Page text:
Other ways of shifting income include hiring a family member for the family business and creating a family limited partnership. Investigate all of your options before making a decision and make sure you are clear on any rules that apply to these unique circumstances – your CPA can help you navigate the regulations to ensure you’re making the most of these strategies.
Time your deductions
One of the biggest changes to the tax law in 2018 was doubling the standard deduction, while also limiting the amount that itemizers can deduct for state and local taxes paid – many people who used to itemize no longer see the value as the standard deduction exceeds their itemized deductions.
If you're on the cusp, then it might make sense to consider "lumping" your deductions into one year, so that one year you'll have more than enough to itemize, while the following year you take the standard deduction.
If your income fluctuates, then it makes the most sense to take more deductions (and therefore itemize) during the higher-earning year, while postponing deductions during the year you'll have lower income.
With investment tax planning, use timing strategies and focus on your after-tax return
Investment tax planning seeks to lower your overall income tax burden through wise investment choices over the years. Strategies include investing in tax-exempt securities and timing the sale of capital assets properly.
While most forms of income are taxable, some investments can generate tax-exempt income. For example, the interest on certain Series EE bonds used for education may be exempt from federal, state, and local income taxes (tax-exempt status applies to income generated from the bond; a capital gain or loss realized on the sale of a municipal bond is treated like any other bond for tax purposes).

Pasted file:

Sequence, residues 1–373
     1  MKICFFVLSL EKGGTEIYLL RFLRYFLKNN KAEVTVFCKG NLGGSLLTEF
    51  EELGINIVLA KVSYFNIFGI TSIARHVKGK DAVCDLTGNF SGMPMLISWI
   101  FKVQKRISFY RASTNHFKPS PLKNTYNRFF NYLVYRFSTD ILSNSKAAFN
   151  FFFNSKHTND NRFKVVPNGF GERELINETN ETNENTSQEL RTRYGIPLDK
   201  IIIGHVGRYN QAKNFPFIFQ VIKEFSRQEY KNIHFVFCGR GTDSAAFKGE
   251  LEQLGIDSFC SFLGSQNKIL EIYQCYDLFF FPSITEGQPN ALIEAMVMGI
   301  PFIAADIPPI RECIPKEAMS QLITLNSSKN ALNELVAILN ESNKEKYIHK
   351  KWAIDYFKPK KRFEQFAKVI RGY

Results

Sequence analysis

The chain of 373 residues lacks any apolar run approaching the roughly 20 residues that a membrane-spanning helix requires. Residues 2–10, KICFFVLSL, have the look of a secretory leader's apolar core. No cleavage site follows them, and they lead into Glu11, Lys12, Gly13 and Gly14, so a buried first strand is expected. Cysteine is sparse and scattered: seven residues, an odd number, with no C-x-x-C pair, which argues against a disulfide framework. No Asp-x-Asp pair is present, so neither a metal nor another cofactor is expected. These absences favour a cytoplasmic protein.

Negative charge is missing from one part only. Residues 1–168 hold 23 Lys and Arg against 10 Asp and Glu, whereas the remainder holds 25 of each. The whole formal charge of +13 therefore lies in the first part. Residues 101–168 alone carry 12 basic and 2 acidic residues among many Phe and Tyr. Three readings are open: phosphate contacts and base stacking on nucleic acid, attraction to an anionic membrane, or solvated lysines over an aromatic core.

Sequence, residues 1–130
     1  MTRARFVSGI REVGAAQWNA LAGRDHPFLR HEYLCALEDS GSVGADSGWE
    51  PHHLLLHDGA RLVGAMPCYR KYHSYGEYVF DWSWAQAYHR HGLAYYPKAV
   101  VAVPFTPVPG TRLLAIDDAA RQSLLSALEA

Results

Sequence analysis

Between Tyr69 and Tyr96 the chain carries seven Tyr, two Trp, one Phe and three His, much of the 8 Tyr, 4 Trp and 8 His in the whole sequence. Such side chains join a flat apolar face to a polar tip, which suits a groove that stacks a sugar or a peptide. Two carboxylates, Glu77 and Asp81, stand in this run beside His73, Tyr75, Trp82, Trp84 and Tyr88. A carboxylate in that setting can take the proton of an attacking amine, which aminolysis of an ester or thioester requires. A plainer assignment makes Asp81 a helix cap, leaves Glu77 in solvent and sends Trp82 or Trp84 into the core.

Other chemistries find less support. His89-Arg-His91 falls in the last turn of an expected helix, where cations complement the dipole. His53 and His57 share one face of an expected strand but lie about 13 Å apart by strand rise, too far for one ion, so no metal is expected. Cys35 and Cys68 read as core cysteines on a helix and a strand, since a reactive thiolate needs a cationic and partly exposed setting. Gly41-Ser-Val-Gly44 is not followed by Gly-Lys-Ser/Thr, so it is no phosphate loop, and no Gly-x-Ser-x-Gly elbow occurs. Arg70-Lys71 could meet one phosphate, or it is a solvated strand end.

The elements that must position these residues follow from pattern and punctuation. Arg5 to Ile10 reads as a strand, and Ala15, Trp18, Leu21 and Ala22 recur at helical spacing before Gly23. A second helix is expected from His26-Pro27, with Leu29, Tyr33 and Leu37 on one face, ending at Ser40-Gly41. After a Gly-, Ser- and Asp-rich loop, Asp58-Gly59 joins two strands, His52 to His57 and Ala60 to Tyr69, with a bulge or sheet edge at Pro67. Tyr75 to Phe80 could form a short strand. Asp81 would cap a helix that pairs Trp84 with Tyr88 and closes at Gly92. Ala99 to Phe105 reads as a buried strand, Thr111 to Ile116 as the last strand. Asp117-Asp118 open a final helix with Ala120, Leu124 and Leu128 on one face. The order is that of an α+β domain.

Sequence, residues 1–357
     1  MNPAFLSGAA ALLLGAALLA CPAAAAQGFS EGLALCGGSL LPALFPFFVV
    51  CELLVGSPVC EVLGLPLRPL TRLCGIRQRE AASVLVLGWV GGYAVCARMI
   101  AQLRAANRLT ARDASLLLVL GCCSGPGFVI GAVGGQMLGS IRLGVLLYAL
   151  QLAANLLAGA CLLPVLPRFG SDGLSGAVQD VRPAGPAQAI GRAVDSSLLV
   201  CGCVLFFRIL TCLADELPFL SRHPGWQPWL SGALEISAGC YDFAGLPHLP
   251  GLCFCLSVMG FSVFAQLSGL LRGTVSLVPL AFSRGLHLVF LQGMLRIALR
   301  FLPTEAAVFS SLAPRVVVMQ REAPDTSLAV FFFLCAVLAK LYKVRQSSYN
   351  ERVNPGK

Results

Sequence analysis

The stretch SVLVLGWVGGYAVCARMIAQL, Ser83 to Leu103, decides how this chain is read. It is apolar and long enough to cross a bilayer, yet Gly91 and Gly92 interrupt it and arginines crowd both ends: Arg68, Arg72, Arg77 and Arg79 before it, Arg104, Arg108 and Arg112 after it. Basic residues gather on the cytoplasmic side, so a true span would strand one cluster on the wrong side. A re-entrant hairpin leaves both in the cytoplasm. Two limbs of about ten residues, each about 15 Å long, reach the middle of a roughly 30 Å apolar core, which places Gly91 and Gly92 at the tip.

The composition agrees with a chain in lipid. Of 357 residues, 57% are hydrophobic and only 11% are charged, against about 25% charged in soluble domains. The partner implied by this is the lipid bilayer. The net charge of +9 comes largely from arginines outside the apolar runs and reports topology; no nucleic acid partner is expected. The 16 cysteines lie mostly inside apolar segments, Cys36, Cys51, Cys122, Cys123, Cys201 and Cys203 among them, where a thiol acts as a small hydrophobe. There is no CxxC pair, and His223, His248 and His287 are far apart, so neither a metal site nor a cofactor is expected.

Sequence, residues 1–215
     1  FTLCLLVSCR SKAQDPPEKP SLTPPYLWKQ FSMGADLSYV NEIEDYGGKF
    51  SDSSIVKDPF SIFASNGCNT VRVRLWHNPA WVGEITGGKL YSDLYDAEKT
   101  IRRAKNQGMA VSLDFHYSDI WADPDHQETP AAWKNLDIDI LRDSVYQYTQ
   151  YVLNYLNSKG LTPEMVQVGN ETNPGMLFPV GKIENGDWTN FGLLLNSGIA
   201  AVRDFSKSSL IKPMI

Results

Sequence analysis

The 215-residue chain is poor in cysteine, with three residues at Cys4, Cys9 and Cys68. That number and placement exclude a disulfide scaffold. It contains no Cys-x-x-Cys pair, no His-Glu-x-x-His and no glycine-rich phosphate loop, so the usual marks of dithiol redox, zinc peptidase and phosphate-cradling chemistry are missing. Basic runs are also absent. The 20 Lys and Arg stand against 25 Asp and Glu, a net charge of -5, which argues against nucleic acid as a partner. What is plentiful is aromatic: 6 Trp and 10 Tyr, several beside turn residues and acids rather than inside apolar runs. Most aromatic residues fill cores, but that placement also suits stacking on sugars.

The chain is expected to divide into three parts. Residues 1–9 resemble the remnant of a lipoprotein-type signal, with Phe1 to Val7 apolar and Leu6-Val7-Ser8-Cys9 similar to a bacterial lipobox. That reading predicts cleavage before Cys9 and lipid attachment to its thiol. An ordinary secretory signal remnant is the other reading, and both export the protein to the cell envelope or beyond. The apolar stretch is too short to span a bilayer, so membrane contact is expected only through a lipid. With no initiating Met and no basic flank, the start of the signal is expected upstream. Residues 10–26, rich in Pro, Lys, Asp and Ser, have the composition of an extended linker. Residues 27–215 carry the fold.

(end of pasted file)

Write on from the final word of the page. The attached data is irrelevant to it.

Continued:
You can also exclude the interest you earn on municipal bonds from your federal income, although some municipal bond income may be subject to the federal alternative minimum tax. With tax-exempt bonds issued in your home state, the interest will generally be exempt from state and local tax as well.
When comparing taxable and tax-exempt investments, include the benefit of maximizing your after-tax return in your consideration.
Focus year-end planning on your marginal income tax bracket
Year-end tax planning in November or December involves timing your income so that it will be taxed at a lower rate and claiming deductible expenses in years when you are in a higher income tax bracket. This usually means postponing income to a later year and accelerating deductions into the current year. For example, assume it's December and you're entitled to a year-end bonus, but you're in a higher tax bracket this year than you expect to be in next year.
The solution? Ask your employer to pay the bonus in January of next year rather than now so you can postpone the taxable income.
In another situation, say you’re in a high tax bracket this year and are scheduled for major dental work in January. See if you can move the surgery up into this year so you can take the medical expense deduction now (assuming it will exceed 7.5% of your Adjusted Gross Income).
In both cases, the opposite would be true, of course, if you expect to be in a higher tax bracket next year. Long-term capital gains may also be worth accelerating or postponing, depending on your overall tax situation.
Keep the conversation going with your CPA
The bottom line is that proactive planning for your life goals involves year-round conversations with your CPA or your CPA financial planner. Make the most of this valuable relationship by engaging with your CPA outside of tax season – the return on that investment isn’t just lower taxes, it’s peace of mind and the possibility of achieving your goals even sooner.